My rating: 4 of 5 stars
I’m this close to giving it give stars, but then what if book two is better?
I just really have no idea what to say right now.
It might be easy for some to compare this to The Hunger Games, or Ender’s Game. I admit, if you simplify the story, it can seem that way, but there is something about this that makes it feel harsh and brutal in a different way. I can’t really describe the difference. Or maybe it doesn’t need to be so different to stand out. There are many similarities with books in the same genre, at least when put in simple terms.
The complexity of the characters, the emotions they stir up, both in them and in us, is what makes it stand out.
And there’s emotion there. Sometimes it’s anger, or frustration, or sadness, or horror, maybe a little bit of humor, and I mean a little. Because this world that author Pierce Brown has created is not funny. Especially for a Red.
Like in other books, people are place in coded society. The Hunger Games had their districts. Ender’s Game had their armies. Red Rising has their colors. Being a Red is the lowest class you could be in this world. Being a Gold is the highest. Golds have done wrong, and Darrow wants revenge.
And Darrow’s journey to get on the same level as a Gold is not only horrendously physically painful, but just as, if not more so, painful emotionally, especially because being a Red is not only a psychologically and mentally low class, but it’s a physically (physicality and beauty) low class in Society.
Pierce creates a very human character in Darrow, which is why he makes mistakes often through this first book. The thing is, these are mistakes that I didn’t find unbelievable or stupid in a way just to piss off the reader (although it probably has happened if you think Darrow to be perfect). He does many things, though, that you tend to wonder why he does what he does. Many times, I just wondered what the plan of action was for what Darrow was doing. The author purposely hides the answer from us until it’s ready to be revealed to make for a more exciting section of the book. I didn’t mind it.
Darrow is definitely not someone to despise for being weak or trite or dumb. You see him learning and you read him as he calculates methods and plots just to get to the top of his class.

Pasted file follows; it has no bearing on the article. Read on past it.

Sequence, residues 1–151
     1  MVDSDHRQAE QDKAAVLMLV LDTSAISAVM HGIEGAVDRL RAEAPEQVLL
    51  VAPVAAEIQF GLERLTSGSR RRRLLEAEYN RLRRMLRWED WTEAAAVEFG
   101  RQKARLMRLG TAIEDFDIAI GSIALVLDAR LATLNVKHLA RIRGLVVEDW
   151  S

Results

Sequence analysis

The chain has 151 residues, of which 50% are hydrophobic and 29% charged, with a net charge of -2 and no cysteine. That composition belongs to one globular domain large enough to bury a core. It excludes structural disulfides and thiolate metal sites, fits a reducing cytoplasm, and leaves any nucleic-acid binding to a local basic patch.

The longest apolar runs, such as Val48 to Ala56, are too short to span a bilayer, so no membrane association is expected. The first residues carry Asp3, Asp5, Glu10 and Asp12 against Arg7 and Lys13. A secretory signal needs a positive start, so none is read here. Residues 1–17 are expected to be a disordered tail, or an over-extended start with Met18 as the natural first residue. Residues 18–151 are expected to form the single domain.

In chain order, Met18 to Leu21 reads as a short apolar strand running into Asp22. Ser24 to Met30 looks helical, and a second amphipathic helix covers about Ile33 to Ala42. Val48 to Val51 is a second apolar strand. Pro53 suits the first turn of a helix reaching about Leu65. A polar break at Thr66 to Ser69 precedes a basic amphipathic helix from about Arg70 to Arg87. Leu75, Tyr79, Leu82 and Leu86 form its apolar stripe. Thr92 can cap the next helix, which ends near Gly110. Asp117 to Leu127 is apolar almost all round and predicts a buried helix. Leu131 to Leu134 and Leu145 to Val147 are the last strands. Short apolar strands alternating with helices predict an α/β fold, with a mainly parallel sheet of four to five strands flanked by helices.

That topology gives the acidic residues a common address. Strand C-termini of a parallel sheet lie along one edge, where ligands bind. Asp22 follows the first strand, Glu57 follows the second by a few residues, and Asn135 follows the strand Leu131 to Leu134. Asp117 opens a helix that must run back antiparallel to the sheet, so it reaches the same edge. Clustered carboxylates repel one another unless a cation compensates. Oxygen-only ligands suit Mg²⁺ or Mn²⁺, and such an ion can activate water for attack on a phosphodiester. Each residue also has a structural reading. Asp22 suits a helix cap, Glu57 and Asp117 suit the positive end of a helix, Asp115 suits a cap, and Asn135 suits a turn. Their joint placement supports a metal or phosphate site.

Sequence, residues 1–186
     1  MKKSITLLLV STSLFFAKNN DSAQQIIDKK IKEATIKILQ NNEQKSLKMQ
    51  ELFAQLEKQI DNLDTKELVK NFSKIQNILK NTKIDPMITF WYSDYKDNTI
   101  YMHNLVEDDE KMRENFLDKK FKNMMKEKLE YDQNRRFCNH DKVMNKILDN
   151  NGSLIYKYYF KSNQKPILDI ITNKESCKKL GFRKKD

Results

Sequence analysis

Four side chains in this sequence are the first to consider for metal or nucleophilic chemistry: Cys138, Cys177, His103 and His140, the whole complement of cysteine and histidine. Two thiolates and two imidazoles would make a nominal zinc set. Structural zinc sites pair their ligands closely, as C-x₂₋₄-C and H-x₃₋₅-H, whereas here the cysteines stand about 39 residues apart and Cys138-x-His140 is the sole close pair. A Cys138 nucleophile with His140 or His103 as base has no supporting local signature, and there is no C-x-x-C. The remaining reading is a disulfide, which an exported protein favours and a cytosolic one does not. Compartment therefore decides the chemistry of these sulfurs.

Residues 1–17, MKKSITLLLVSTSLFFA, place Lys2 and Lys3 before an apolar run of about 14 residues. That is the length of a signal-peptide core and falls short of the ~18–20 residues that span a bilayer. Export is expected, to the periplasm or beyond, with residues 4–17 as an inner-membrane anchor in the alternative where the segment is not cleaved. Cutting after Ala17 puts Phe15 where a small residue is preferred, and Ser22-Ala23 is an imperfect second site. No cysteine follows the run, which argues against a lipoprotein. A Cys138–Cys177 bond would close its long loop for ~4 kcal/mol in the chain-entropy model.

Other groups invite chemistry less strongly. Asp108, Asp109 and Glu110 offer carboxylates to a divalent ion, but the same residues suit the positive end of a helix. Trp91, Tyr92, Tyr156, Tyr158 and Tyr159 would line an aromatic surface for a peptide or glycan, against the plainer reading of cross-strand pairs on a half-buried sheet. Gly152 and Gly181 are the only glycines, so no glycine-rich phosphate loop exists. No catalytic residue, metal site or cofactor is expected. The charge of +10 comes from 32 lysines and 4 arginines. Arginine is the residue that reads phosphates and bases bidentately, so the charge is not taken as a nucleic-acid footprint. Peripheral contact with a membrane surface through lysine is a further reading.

At the same time, much of the story is not nearly as fast-paced as one would think. As stated, Darrow calculates things. He’s methodical, he’s contemplative, and although he carries around this rage and utter desire for vengeance, he’s not not made of steel, and shows or expresses his fragility and loneliness often enough that it’s heartbreaking for me as the reader gaining insight into this young man’s life.
I was hurt when he was hurt, I was angry when he was angry, I cried for his losses, and I was in shock for some of the things he had to do and go through just to survive. It was insanely terrifying to live through the eyes of Darrow.
There was even one point that I literally had to turn my head away from reading a specific section because it was just too harsh and heartbreaking for me to visualize in my mind. Even now, I have a hard time thinking about it without feeling some kind of heartache.
The surprises and shocks only stop once you’ve finished reading the book. It was both amazing and insane at the same time.
Pierce Brown has pieced together a dark world on planet Mars, and he’s used classic books on revolutions as an influence to this story. I was not disappointed in it, and I look forward to reading how things start changing in book two, because book one was definitely just the beginning.